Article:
Spoilermania! There's 12 minutes of Terminator Salvation behind-the-scenes video. Shia LaBoeuf narrates Transformers 2. James Cameron teases Avatar. Samuel L. Jackson rules Iron Man set pics. Doctor Who season five storylines! Plus: Lost, Supernatural, Smallville.

Iron Man:

Some more set pics and details from that donut scene we presented last week. Tony Stark decides to take a donut break inside the giant donut hole atop a donut shop that's an L.A. landmark. Along comes Nick Fury (Samuel L. Jackson) who asks Tony if he wants some coffee with those donuts. (Apparently S.H.I.E.L.D. now stands for Serving Hot Imbibable Exciting Liquids Directly.) Sorry for the small images — more, and bigger, pics at the link. [On Location News]

Terminator Salvation:

Here's a ton of behind-the-scenes footage of McG's sequel to the original Terminator trilogy:

Transformers: Revenge Of The Fallen:

Shia LaBoeuf explains the storyline of this new movie:

Well, Sam saved the world the first time, right? So just imagine Brad Pitt going to Trader Joe's to go get a granola bar. If you save the world you have a real problem trying to buy a granola bar, you know? So, like, anywhere you go, you're the guy who saved the world. And you're trying to go to college and have like a normal life. And as you know college is a humongous, humongous deal for kids who didn't enjoy their life in high school because it's a chance to start over. And Sam was this nebbishy, neurotic, dorky kid in high school who fell into the most ridiculous situation.

The movie starts two years later from where the last one left off. He's on his way to school to start a new life, to get away from his parents, to get as far away from his parents as he can because he's stifled and feels like most kids do who have extremely protective parents. He's sheltered. And on top of that he's got Bumblebee living in his garage, who is his guardian. And he's just sick of having guardians. He's trying to create his own world and create his own personality free from other people's input. And he goes off to college and when he gets to college he starts having problems, meaning he starts having these spastic fits of information where like his great, great grandfather, Archibald Witwicky, starts having these visions. These things just start popping up into his head. And he's seeing symbols and comes to find out the symbols are a map which lead to Decepticons, or the Autobots to the Energon source that is still being held here on Earth.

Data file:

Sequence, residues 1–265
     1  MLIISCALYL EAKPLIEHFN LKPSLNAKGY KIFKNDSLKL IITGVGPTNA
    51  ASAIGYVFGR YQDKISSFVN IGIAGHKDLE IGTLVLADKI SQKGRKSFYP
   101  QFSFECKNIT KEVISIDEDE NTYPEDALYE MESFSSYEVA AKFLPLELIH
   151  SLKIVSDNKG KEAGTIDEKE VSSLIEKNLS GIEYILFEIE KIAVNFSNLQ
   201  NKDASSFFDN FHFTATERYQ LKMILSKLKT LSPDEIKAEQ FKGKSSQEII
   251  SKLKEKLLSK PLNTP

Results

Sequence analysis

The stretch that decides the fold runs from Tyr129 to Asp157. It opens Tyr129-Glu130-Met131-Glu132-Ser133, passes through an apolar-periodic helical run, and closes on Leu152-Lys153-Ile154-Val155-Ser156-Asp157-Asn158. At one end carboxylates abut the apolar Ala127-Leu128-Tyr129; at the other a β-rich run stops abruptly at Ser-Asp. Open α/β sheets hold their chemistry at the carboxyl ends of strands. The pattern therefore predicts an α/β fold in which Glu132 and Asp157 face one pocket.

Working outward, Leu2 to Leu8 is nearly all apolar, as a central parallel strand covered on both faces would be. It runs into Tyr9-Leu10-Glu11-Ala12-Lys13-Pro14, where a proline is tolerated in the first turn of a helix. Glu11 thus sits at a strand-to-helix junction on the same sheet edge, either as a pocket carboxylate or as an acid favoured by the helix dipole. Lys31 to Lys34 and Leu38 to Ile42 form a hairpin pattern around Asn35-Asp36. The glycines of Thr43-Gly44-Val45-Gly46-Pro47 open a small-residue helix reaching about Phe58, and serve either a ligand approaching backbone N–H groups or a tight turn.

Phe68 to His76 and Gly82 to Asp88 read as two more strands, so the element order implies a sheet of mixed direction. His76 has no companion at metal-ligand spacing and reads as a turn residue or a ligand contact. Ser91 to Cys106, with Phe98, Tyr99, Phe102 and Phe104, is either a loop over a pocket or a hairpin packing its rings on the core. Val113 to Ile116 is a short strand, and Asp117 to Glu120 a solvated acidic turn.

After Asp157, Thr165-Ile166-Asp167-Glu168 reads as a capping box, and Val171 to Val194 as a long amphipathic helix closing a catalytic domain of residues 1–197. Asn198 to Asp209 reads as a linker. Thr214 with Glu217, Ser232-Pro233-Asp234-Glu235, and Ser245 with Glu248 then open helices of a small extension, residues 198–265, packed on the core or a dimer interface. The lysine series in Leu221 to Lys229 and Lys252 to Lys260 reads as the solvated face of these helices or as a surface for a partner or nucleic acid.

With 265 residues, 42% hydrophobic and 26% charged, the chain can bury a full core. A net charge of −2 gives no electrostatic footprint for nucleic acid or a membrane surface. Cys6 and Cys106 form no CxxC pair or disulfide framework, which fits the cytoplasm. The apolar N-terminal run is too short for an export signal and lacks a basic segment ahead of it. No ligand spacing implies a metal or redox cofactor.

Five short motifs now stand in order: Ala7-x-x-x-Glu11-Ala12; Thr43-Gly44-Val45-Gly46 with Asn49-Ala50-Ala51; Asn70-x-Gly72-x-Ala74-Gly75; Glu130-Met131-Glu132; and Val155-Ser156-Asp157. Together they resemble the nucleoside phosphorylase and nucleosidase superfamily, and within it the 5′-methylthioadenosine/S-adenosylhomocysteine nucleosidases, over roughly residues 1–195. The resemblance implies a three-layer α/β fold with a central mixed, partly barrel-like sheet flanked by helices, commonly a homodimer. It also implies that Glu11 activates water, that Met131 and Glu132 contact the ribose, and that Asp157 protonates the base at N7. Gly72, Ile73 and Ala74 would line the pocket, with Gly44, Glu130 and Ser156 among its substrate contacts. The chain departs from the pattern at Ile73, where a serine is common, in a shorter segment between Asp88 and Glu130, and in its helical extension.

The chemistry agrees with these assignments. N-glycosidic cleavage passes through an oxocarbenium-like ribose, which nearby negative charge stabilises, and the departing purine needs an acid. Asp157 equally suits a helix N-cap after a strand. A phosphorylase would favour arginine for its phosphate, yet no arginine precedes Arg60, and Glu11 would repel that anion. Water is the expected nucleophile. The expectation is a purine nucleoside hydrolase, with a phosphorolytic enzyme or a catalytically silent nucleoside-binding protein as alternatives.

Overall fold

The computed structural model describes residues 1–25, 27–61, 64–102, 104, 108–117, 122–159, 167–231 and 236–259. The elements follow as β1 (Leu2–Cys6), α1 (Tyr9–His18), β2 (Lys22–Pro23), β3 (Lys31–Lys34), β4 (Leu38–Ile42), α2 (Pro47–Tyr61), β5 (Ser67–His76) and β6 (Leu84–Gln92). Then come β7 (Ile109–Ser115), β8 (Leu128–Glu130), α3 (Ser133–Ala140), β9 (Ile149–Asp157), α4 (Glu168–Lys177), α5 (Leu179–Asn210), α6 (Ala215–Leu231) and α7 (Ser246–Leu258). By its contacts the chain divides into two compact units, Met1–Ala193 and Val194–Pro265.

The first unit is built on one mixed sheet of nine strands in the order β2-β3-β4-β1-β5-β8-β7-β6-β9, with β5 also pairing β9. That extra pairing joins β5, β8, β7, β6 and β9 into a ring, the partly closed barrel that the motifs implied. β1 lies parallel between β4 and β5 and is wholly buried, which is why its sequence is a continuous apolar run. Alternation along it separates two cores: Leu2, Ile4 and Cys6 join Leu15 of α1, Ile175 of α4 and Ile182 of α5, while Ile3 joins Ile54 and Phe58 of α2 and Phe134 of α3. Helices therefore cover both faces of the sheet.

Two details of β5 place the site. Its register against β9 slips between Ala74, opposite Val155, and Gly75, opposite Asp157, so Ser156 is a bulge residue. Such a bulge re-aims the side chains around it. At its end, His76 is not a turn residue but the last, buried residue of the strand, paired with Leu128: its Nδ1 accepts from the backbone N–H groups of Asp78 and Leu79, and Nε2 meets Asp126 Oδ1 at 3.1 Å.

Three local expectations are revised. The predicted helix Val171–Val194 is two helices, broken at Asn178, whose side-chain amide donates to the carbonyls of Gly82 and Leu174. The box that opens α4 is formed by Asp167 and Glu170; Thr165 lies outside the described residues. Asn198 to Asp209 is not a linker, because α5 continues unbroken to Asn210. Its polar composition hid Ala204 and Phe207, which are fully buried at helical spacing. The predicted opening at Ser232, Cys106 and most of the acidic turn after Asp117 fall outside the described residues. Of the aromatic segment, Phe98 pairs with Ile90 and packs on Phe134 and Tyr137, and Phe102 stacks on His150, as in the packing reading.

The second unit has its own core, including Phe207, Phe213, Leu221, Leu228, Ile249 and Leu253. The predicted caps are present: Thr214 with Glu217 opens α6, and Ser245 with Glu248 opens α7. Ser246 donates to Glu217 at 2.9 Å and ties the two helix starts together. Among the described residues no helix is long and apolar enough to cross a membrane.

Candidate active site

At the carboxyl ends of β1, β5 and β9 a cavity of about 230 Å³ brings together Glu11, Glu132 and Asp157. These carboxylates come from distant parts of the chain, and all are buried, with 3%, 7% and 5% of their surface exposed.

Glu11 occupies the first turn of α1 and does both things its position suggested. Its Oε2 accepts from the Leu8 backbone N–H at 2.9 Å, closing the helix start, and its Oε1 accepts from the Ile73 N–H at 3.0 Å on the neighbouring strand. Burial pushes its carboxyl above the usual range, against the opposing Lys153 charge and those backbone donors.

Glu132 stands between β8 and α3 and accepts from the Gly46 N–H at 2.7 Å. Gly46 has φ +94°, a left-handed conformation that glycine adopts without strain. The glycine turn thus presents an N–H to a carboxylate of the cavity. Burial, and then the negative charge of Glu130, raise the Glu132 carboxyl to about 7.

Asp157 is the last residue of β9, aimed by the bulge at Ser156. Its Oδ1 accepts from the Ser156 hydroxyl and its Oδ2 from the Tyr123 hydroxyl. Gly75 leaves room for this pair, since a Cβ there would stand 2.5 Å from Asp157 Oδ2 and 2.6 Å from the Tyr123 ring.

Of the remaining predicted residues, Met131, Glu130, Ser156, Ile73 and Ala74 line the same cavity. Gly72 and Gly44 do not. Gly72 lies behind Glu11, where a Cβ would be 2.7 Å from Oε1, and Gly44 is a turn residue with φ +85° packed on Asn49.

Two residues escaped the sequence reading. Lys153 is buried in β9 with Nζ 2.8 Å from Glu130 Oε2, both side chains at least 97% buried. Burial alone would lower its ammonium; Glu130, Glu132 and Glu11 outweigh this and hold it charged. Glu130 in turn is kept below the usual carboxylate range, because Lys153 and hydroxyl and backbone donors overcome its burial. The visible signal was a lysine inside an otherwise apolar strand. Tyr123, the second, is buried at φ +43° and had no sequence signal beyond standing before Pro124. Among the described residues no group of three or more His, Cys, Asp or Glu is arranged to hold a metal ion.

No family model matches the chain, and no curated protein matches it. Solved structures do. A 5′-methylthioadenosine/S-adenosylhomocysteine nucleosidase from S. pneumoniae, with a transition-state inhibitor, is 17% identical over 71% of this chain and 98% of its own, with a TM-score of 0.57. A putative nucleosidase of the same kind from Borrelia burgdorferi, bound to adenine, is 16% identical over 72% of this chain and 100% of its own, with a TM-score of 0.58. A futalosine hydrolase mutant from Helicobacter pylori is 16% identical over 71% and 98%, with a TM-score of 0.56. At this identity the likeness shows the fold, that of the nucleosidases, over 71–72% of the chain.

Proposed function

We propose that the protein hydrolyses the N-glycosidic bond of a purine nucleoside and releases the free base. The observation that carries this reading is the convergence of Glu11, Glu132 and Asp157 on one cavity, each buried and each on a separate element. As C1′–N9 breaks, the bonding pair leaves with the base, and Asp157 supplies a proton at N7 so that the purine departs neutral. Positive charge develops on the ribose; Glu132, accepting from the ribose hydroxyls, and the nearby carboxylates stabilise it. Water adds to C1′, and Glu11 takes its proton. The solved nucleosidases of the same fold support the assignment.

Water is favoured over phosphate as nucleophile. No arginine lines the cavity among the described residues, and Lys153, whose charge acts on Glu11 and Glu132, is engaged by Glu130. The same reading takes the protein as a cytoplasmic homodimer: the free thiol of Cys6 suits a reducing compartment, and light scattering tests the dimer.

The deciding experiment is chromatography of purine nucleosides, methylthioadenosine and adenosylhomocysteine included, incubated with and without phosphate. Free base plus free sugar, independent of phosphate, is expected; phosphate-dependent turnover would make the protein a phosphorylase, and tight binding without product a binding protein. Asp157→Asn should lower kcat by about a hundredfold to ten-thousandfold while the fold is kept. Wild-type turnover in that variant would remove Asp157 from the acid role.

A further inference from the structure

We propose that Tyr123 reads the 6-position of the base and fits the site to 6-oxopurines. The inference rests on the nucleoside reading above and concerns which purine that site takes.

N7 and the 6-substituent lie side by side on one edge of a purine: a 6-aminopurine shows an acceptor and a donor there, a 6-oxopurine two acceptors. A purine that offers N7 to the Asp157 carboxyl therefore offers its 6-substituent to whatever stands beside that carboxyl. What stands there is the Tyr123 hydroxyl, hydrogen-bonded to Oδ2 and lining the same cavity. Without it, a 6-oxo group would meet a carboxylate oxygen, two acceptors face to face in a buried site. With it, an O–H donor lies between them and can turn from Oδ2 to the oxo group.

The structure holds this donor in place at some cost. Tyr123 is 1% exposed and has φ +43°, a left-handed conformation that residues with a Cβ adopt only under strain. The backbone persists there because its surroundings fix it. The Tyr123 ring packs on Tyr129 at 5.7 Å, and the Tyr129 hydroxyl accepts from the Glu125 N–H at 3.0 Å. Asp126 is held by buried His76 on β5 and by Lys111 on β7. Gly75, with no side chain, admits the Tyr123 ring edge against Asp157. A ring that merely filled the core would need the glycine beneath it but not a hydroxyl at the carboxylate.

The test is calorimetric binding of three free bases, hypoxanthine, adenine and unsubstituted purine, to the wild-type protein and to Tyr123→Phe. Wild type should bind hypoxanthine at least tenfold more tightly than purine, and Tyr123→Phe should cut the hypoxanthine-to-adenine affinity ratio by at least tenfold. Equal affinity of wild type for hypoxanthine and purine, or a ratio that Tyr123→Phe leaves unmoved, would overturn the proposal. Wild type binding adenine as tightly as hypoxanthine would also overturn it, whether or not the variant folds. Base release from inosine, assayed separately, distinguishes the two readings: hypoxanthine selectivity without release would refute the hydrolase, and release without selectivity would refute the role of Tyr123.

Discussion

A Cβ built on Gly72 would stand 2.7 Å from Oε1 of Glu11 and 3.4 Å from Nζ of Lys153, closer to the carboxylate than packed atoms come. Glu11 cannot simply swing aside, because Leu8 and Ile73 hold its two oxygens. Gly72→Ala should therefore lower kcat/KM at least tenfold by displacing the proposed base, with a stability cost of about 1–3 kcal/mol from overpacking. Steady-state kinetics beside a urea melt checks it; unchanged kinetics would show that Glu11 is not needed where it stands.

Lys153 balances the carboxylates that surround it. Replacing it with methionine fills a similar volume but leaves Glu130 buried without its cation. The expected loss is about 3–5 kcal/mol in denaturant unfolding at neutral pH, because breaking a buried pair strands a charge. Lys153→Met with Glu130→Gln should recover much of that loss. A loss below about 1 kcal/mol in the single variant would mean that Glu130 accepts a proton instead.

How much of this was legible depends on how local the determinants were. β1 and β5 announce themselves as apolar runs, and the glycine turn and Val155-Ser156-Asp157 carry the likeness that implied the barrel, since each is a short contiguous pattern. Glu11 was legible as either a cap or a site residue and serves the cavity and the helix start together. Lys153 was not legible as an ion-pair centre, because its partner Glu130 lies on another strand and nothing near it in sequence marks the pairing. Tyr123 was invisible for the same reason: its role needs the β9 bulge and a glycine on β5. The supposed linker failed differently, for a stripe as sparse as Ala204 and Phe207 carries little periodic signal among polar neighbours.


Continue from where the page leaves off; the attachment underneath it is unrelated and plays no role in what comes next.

Decepticons and Autobots need Energon to create armies, to revive fallen comrades, to create new worlds, to create armies - to do everything. It's their main resource. And the little bit that's left here, the only way to find it is through this map and the only way to use the map is through my mind. And so they stop my little stint at college to handle business.


And here's a shiny new poster! [Yahoo! Movies]


Director James Cameron explains a teeny bit more about his new film — mostly that it's a science fiction action adventure that really takes you to another planet. [L.A. Times]

Also, Cameron claims Worthington is in every scene of the movie. Every scene. That's a lot of Worthington. And Sigourney Weaver says she plays a botanist, who has her own Avatar. "It's a serious story about a young man who comes of age and finds something he believes in, becomes part of a different community," says Weaver. [Slashfilm]

Doctor Who: